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Shuji Kajiyama Paulinho in action for Guangzhou Evergrande.
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Could football in China be the biggest threat to the Premier League’s global dominance?
Professor Simon Chadwick tells The42 about one of the burgeoning forces in world football.

ENGLISH TEAMS’ PERFORMANCES in Europe in recent years have undermined claims from certain quarters that the Premier League is the best in the world.

However, in terms of entertainment and global reach, there are few who can rival England’s top flight.

The Premier League’s unprecedented popularity was emphasised earlier this year, when it sold television rights to its games for a record £5.136bn, which dwarfed the previous figure in 2013 of £3.01bn.

Despite some people over the years suggesting the league’s considerable riches would soon diminish, it has continued to go from strength to strength since its formation, and effectively the beginning of modern football as we know it, in 1992.

Clubs will start enjoying the benefits of the deal from next season onwards, and many have predicted that soon, rival leagues could struggle to compete with England’s super rich clubs, on the field as well as off it.

But is there any danger of the Premier League’s immense power collapsing in the near future? Will people get bored of it sooner rather than later?

Simon Chadwick, who is set to take up a role as ‘Class of 92′ Professor of Sports Enterprise, Centre for Sports Business, Salford University Manchester in January, and who has lectured on topics such as ‘Where to now for sport in the 21st Century?’ sees no sign of the league’s popularity decreasing in the short term.

I don’t foresee the Premier League bubble bursting anytime soon,” he tells The42. “Fueled by TV money in 2016, when the new TV contract starts, you could envisage someone like Neymar, or dare we say Lionel Messi, coming here. Obviously, there are also rumours around Pep Guardiola.

“In entertainment terms at least, the Premier League continues to be the greatest show on Earth and it’s a virtuous circle. The more money you earn from TV, the higher the profile of players you can buy in, the more entertainment is provided, the more entertaining it is, the more TV companies will pay for the rights to the Premier League. So short to medium term, I don’t foresee any bursting of the bubble.”

Soccer - npower Football League Championship - Leicester City v Derby County - The King Power Stadium EMPICS Sport Sven-Göran Eriksson is the current manager of Chinese Super League club Shanghai SIPG. EMPICS Sport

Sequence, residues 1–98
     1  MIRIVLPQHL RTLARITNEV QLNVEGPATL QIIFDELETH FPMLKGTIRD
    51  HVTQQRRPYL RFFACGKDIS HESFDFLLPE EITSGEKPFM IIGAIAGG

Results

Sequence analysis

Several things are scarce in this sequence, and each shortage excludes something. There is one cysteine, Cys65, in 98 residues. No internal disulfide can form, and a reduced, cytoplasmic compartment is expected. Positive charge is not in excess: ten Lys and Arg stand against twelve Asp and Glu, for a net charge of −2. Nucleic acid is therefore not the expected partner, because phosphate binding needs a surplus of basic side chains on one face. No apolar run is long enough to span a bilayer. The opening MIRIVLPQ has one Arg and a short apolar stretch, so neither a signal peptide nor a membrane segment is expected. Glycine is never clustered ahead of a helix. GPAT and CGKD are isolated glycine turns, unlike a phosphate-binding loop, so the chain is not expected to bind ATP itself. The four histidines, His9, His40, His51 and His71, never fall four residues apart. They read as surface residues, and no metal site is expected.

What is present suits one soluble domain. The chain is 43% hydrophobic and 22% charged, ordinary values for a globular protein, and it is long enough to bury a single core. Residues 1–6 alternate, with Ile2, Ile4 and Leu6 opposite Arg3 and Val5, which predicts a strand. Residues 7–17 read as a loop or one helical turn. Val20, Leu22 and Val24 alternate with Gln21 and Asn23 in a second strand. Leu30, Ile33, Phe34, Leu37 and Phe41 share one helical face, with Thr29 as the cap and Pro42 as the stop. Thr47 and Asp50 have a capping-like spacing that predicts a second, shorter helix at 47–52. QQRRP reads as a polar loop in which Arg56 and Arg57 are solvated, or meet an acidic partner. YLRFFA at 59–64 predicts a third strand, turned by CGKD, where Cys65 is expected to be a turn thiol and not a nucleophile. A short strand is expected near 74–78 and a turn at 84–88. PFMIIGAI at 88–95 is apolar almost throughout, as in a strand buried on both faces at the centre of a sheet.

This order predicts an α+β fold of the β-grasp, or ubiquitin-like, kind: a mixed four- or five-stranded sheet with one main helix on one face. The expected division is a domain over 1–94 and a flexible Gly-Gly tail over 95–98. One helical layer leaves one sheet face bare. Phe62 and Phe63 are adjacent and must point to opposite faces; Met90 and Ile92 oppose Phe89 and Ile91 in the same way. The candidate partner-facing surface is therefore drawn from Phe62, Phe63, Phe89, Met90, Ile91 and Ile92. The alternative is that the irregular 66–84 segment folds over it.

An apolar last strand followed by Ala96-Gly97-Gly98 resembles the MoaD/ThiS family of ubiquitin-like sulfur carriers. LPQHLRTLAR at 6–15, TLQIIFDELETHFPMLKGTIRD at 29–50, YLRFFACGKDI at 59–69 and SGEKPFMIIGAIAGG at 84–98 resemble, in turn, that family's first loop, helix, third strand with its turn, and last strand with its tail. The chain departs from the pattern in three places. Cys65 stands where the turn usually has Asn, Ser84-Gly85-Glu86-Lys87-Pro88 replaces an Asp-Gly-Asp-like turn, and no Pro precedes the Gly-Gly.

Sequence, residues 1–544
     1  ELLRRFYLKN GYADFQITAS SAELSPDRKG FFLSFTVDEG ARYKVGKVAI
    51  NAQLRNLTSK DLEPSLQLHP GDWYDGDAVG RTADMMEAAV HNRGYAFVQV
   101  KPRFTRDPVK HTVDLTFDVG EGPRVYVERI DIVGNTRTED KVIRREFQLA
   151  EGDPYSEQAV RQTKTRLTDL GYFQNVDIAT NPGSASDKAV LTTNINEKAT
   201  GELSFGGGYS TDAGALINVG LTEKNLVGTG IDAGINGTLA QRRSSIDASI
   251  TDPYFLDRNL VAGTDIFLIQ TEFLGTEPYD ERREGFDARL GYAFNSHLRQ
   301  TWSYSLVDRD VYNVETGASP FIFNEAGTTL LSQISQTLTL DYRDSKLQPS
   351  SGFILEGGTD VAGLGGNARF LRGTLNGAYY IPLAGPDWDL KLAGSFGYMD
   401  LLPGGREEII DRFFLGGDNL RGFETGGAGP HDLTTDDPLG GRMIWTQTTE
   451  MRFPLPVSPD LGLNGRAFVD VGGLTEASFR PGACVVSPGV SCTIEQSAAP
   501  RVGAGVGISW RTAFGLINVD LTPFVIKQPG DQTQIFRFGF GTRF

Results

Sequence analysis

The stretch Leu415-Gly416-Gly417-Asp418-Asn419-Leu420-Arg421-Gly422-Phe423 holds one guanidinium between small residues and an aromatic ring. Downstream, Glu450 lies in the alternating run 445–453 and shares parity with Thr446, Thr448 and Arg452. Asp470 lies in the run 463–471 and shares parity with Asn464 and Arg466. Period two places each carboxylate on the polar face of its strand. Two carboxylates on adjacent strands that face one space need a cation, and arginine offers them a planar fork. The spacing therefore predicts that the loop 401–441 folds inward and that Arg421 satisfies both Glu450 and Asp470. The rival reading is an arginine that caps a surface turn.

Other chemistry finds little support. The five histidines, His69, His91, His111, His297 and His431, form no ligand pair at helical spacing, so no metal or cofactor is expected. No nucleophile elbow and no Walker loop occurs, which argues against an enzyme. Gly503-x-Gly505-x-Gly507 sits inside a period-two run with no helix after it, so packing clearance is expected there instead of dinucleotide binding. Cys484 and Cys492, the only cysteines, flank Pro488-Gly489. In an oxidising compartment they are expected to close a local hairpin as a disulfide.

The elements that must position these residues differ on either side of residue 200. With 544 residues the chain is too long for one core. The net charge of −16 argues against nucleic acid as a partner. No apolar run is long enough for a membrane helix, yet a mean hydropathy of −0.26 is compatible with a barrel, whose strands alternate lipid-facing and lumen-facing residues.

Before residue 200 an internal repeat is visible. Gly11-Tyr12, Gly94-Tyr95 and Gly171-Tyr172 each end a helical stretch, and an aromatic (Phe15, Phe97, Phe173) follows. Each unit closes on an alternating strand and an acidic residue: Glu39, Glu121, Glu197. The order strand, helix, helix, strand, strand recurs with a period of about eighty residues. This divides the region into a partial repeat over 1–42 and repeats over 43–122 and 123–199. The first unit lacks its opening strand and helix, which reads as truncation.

While less convinced that the likes of MLS will threaten the Premier League’s foothold on the global market, Chadwick believes that the Chinese Super League could eventually be English football’s biggest threat, while also not ruling out some of Europe’s other top leagues from ultimately taking the much-coveted throne at the top of the ladder.

Medium to long term, there are some real pressures starting to build up. Obviously, other leagues have started to fight back, so La Liga has started to fight back. It can only be a matter of time before we see Serie A in Italy starting to fight back. And countries like China have a strong predisposition towards Serie A and Italian clubs for historic reasons. So other leagues will respond.

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“As far as the Premier League is concerned, I think this season is exceptional, because of Leicester City being at the top, but we’ve seen domination of the league for large periods of its history. And when you do get that kind of repetitiveness, that’s counter-productive to engaging fans and audiences around the world.

We’re also starting to see the rise of other countries outside of Europe. I’m thinking specifically of the Chinese… I do see the Chinese Super League becoming a threat, maybe not over the next five years, but certainly over the next 10 years, it will be become much more of a threat than it has ever been before.”

Chadwick points to one club in particular – Guangzhou Evergrande — as evidence for the country’s burgeoning growth in the beautiful game. Having only been semi-professional up until 1993, the club have won two of the last three Asian Champions Leagues — a feat that had previously never been accomplished by a Chinese side — while they have won their domestic league for the past five successive seasons. Consequently, Guangzhou are being referred to in some circles as China’s first super club.

Moreover, the club’s owner is one of China’s richest men, Jack Ma, founder of Alibaba — a sort of Chinese equivalent to eBay – and unsurprisingly, he has already shown a willingness to plough plenty of cash into the team. High-profile names have joined Guangzhou, including ex-Brazil manager Luis Felipe Scolari, former Tottenham midfielder Paulinho and fellow Brazilian Robinho, who previously played for Real Madrid, Milan and Man City among others.

“We’re starting to see very slowly the emergence of Chinese football,” Chadwick explains. “Reportedly, a Shanghai club managed by Sven-Göran Eriksson put a (£75million) bid in for Wayne Rooney and wanted him to go there.

So I would keep an eye on China, because I think significant things are happening there right now and the Premier League needs to be aware of what’s happening there. Its hierarchy need to know that they may have to respond to some of the developments there to ensure the Premier League stays robust and relevant.”

Look out for part 2 of our interview with Professor Simon Chadwick on the site in the coming days, which will focus on the Class of 92 as a ‘classic brand’ and whether Man United can sustain their current levels of wealth if their recent lack of on-field success continues.

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